Many people think that romance writers sit on a glittering caftan with perfectly coiffed hair and makeup reclined on a chaise while holding a furry little lap dog. Sorry to disappoint. We are real people. Just like you.
I believe that everyone has a romance novel or two or more in their lifetime.
My first happened to begin with a “cute meet.”
I realize that I have spent my married life picking up strays. Come to think of it, Bill was a stray.
I met Bill in the most unconventional way. I was twenty-three, ending a retail career and beginning an outside sales career. Still living at home to stash away money, I spent some of my free time shopping with my mother. Going to nearby Randall Park Mall was a convenient entertainment. My mother used to lament, “You’ll never get a husband shopping in the mall with your mother.” She had to eat her words.
In walking down a mall corridor, my mom noticed that a new fast food restaurant was being added. Ever curious, she had to see the Church’s Chicken outlet. It should have been an omen. Chicken restaurants are not the place to meet the man you’re destined to marry! A man, guess who, was standing inside and he asked how we liked the interiors. What could one say about a palate of garish orange and yellow?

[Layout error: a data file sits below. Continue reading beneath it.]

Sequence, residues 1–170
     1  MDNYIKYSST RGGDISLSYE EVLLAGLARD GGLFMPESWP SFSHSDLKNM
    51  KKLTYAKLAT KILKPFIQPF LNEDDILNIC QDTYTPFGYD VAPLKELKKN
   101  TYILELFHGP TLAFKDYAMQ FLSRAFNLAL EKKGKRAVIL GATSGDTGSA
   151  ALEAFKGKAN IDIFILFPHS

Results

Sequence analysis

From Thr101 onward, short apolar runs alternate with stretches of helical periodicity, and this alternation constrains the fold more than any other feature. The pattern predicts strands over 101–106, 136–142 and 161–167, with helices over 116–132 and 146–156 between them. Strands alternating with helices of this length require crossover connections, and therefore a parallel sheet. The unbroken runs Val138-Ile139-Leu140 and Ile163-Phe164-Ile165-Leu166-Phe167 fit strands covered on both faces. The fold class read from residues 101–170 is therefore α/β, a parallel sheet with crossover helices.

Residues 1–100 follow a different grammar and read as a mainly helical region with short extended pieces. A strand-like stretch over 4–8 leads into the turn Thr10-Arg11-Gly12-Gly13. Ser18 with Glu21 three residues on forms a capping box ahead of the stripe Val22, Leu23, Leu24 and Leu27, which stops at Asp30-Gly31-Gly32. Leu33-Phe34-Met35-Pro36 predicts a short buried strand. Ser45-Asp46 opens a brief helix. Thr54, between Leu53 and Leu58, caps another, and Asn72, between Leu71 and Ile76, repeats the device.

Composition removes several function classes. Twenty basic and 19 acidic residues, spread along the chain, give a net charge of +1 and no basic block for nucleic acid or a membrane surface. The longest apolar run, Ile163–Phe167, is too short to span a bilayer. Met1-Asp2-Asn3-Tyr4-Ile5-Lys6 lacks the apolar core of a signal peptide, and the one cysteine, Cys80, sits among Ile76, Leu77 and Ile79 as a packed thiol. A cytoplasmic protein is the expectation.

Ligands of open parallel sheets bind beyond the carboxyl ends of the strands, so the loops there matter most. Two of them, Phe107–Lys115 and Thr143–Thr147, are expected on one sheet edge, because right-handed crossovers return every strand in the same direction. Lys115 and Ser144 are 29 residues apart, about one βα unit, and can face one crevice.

In gazing at me, he commented, “With hands like yours, you should be in the movies.”
I was not impressed. I had met “mall-mashers” before … those annoying older men who hit on younger women while shopping in the mall. Let’s see. There was the glassblower when I turned 21, the high school student when I was a college grad and a all-to-young guy who “liked my hair.” Ugh! This man seemed to be no exception. With salt and pepper hair, a moustache, an unstylish look and an assertive demeanor, I was not impressed.
My mom found his comment interesting. After all, she lived in an era where Lana Turner had been discovered by Hollywood in a drugstore.
We chatted. The man was an architectural photographer hired by the restaurant’s franchise owner to take interior pictures of the new outlet. While he was waiting for workers to complete the job, he had been standing around observing those who passed by. I caught his eye.